Transience versus drop-out neo-colonialism
The difference between transient people and middle-class dropouts who use the world as their emotional playground:
Wherever you go, don’t pretend it’s an escape.
The people in the place you move to live in a world with huge problems, wherever you choose.
So wherever you go to call home, you have to resolve to making it your home by living with the people who live there and taking on their issues as your own – not as a saviour figure from outside, but as someone who wants to be a part of the community you find yourself in.
That’s the transient way.
Wherever we go, we take part.
So, always choose your destination well.
Take into account what you can give and what will be needed from you, as much as what you need and what you think you can expect to be given.
What do you need and what can you give?
Those two questions will define the best places for you to go.
It’s not “escape”.
It’s going where’s best for everyone, including you.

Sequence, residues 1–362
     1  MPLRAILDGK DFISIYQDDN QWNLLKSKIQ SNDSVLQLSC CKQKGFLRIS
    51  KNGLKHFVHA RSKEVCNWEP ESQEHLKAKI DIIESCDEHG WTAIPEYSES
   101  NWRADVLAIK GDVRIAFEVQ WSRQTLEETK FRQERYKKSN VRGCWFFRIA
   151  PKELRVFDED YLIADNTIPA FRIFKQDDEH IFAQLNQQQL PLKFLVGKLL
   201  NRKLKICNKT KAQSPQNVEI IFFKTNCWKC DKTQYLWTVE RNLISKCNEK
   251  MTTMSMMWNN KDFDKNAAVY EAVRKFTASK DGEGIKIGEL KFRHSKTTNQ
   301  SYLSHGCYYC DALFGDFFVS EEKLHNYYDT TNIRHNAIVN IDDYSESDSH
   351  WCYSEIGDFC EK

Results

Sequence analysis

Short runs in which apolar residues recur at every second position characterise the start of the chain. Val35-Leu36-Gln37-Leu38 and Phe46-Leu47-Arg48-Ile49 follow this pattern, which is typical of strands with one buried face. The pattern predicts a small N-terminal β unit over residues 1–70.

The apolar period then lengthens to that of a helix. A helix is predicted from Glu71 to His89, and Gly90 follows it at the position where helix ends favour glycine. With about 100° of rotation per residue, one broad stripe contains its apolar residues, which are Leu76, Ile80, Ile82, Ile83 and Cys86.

Unless you are fleeing a war zone or an utterly collapsed economy (and I mean collapsed to the point that you live on the street), the idea of transience being a way to “escape” with little care about anything except yourself isn’t transience. It’s neo-colonialism.
You’re not a transient, you’re literally colonising.
You’re going somewhere to either set up an enclave or maintain an enclave.
There are MANY times where transient communities are fucked over by people around them and forced to create an enclave.
But those occasions don’t begin with people from relatively affluent backgrounds displacing the local populace.
If you’re doing that, you’re colonising, not being transient.
Transience isn’t about escape.
Transience is a way of life.
It’s a way of life which involves a set of difficult responsibilities which you have to acknowledge and live by.
It’s not to say that you have to live as second class citizens to every static community you encounter.
It’s that you can’t pretend you’re superior to them.
It’s to acknowledge that, when movement is a choice rather than a response to immediate threat, we have an extra impetus to our responsibility to the community we engage with, driven by the lack of mitigating factors that can remove us from the responsibility of our actions as reasonable people.
Especially when we come from a more affluent background.
Caveat: if you’re so economically destitute as to be literally street homeless in a new country, or have been made homeless in your own country….
Well, there’s no caveat. You know this already. You’ve known poverty at its extreme, and you don’t need me to remind you of what it takes to survive it.